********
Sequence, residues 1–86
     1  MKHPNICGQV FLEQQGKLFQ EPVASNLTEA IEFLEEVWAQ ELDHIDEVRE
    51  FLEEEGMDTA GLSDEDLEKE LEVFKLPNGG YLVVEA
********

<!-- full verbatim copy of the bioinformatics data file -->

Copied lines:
Sequence, residues 1–86
     1  MKHPNICGQV FLEQQGKLFQ EPVASNLTEA IEFLEEVWAQ ELDHIDEVRE
    51  FLEEEGMDTA GLSDEDLEKE LEVFKLPNGG YLVVEA